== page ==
I’ve built those style E2X kits both ways - of course the only ones that broke a fin on landing were the ones I glued!
 
The new #9985 Mini Alpha starter set is on the Estes website - shows out of stock but the product page has a link to the instructions for the rocket. It uses a Star Hopper style snap together plastic fin can with white and a single blue fin plus what appears to be a prefinished body tube. Hard to tell from the pictures but it looks like the body tube is finished similarly to the anniversary Alpha from a few years ago. The nose cone is (apparently) molded in red and looks like a fair approximation of a down sized Alpha cone - I’m sure an Alpha expert (like BEC 😎) will do some research and have some insight.
I will....but only after I can get one of these without the pad and controller. I have more than enough of these already on hand.

Hopefully they offer the rocket separately, even though it’s not a “builder’s kit” it looks like a good fit as a beginner’s kit for younger children or an easy path for an Alpha completist to have a down scaled Alpha. There is a separate SKU listed for just the rocket so maybe a good indicator we’ll see it as a standalone kit.
I do hope you're right...and as it is listed in the 2024 catalog separately I agree there is some indication it will be.

As a vendor who tries hard to reach new and beginner hobbyists, I'm excited about Estes including motors & wadding in starter sets (*). My experience is that many such people have more tolerance to prices than there is to the number of items. The price either works or it doesn't. But it's a drag, say, talking with a guardian whose kid is real excited about rockets but they're not, and they're prepared to hand over their credit card for a starter box anyway, but, oh, you also need motors... and wadding... and don't forget batteries. Launcher, rocket, motors, and wadding all in one box is much nicer.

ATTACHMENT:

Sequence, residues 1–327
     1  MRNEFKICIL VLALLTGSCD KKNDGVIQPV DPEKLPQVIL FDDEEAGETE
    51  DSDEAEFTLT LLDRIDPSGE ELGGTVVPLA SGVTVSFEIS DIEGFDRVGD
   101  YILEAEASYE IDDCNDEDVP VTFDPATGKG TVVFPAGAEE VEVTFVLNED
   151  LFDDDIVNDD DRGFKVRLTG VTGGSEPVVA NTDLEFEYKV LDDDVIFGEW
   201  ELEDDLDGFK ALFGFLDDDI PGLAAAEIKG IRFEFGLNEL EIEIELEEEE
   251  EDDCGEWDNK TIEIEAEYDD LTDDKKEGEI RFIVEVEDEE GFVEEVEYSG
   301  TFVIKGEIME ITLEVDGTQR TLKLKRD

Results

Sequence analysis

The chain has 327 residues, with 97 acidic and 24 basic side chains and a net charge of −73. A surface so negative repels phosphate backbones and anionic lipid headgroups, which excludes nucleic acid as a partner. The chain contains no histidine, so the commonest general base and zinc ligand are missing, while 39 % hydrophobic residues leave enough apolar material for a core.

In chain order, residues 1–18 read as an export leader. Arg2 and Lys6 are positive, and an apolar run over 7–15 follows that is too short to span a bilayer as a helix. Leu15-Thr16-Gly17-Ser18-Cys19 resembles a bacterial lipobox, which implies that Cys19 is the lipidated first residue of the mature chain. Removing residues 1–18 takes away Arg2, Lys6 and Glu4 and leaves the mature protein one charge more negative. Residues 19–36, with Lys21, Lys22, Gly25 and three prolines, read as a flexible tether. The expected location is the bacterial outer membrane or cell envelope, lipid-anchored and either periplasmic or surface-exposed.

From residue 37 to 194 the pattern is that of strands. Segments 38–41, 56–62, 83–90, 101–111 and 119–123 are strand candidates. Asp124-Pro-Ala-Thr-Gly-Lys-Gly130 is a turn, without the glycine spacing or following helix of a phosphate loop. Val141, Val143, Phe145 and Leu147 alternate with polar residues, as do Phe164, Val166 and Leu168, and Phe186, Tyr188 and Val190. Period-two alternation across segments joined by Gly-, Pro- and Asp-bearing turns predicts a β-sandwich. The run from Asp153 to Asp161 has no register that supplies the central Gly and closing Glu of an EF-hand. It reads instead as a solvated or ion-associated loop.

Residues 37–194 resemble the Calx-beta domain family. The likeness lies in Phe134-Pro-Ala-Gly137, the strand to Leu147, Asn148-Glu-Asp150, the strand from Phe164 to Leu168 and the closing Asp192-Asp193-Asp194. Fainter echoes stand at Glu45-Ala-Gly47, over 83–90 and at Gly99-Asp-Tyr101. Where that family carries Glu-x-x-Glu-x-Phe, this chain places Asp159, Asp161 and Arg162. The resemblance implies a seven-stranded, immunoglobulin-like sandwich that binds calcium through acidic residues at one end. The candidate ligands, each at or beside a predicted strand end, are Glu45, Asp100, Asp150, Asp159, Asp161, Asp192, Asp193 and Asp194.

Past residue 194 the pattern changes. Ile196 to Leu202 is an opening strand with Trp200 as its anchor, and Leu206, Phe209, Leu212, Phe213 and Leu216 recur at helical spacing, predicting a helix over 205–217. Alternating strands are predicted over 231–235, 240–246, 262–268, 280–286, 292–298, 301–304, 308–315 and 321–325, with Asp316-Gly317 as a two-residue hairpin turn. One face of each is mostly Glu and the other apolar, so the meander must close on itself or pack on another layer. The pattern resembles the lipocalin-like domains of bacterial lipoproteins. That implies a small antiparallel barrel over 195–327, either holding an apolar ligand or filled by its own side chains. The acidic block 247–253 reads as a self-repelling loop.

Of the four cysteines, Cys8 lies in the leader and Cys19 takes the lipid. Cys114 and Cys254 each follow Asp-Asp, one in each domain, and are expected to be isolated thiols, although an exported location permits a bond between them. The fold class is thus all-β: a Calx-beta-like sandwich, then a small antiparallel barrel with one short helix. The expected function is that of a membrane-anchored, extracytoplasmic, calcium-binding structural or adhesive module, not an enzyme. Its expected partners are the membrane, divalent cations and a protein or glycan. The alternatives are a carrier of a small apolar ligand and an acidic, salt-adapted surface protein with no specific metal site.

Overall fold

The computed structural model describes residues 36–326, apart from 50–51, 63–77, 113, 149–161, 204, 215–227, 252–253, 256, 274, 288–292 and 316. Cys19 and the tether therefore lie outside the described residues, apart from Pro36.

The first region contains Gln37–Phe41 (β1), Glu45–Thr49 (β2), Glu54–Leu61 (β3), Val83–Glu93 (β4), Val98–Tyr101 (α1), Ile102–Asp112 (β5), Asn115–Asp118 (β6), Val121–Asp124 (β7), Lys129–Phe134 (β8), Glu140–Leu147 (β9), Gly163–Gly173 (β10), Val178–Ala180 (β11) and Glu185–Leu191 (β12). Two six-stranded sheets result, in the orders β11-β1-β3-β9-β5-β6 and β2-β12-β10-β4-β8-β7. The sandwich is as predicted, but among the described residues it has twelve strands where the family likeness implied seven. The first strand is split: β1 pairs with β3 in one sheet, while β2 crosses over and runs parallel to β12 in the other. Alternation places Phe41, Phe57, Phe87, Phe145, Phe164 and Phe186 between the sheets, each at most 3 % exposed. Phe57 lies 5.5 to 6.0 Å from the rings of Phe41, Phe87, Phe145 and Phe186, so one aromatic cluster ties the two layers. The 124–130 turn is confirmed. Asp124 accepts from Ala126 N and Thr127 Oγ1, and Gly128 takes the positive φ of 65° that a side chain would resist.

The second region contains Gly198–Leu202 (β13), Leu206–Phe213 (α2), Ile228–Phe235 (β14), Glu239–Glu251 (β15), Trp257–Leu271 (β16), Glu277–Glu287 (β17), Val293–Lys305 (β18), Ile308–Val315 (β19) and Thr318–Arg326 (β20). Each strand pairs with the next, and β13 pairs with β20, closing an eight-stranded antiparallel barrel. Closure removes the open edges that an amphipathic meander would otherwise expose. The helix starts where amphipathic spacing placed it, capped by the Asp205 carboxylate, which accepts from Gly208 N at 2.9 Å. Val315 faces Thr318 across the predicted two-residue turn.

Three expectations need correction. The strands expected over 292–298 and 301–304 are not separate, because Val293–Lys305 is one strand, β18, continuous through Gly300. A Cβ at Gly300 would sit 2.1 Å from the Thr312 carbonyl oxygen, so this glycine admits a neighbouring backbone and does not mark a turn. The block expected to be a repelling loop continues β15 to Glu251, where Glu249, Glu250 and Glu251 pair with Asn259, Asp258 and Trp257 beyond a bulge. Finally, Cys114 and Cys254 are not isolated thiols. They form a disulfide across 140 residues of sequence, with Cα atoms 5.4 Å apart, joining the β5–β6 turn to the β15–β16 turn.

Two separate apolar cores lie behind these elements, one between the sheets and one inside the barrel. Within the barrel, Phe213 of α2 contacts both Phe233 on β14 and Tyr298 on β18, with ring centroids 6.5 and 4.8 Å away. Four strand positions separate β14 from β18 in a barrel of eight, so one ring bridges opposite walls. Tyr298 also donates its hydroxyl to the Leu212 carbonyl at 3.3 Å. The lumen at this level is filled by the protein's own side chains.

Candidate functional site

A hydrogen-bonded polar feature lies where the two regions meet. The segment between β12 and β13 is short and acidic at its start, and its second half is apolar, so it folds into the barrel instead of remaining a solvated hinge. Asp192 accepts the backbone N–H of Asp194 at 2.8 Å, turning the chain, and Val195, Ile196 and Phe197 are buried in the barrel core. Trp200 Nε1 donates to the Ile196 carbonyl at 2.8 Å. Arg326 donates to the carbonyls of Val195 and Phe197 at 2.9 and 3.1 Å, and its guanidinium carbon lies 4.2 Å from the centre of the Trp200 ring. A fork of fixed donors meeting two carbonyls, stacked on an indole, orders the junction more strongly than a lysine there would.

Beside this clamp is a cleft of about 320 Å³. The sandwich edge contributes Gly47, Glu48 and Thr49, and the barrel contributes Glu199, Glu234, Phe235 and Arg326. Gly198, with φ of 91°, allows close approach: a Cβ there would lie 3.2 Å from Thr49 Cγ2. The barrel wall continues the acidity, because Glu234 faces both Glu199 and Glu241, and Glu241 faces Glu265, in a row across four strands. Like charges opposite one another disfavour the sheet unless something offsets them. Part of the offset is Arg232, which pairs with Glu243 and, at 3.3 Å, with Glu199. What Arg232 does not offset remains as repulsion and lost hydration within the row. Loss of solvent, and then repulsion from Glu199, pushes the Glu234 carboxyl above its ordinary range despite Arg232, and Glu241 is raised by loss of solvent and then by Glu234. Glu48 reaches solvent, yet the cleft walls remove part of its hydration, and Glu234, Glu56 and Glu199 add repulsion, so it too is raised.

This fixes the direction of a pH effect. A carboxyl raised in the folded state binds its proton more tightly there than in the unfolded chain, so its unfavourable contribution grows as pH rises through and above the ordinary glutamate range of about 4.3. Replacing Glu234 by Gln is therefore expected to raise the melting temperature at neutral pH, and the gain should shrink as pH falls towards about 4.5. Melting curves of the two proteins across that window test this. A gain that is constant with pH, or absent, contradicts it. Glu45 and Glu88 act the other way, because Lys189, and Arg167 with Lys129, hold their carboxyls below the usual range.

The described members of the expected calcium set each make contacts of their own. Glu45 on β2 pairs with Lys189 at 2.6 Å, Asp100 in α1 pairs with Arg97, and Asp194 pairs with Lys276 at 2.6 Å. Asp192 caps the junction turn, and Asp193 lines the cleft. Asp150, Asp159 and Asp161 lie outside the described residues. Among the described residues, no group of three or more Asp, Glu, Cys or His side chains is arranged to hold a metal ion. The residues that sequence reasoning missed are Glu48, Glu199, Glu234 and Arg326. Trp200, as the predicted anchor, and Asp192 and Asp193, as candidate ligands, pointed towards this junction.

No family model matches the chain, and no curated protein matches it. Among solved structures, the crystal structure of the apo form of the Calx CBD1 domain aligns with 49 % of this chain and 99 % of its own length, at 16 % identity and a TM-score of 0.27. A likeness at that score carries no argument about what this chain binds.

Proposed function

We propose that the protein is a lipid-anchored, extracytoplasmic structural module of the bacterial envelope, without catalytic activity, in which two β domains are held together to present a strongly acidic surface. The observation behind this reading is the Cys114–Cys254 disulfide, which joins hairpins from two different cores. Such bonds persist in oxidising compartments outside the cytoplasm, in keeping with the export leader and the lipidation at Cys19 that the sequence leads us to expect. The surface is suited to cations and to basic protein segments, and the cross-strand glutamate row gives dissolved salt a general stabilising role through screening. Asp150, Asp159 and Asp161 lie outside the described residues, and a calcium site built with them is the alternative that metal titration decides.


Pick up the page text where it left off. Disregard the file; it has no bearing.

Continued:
I am also a big fan of any move to put some renewed attention on small rockets and motors.

(*) Include them again, right? Didn't they use to "back in the day" or am I misremembering?
Aerotech has both Quest starter sets - motors included - and oddly named launch sets with no motors. I think Estes uses a similar naming convention for their sets with and without motors.
This is correct. "Starter sets" have motors/wadding, "launch sets" do not. Why that nomenclature, I do not know.

https://cdn.shopify.com/s/files/1/0686/0220/0369/files/2458_MiniAlpha_Instruct_WEB.pdf?v=1709669091

The interesting development for me is the bent-wire shock cord mount instead of a tri-fold that can inhibit ejection. I haven't played with enough ARFs to know whether this is new.
The Star Hopper uses the same design - not sure if it was the first or not.
The Star Hopper was the first time I'd seen that. I need to dig my Star Hopper out and fly it again just to remind myself how well that worked (or not).
 
Fin can halves and fin can to body tube, sure. But with the fins positively retained by the motor retaining cap, it's a take-down rocket. Fins are easily replaced if damaged, or it can be stowed in a small-diameter mailing tube and put in one's luggage for safe travel in a checked bag.
I’ve built those style E2X kits both ways - of course the only ones that broke a fin on landing were the ones I glued!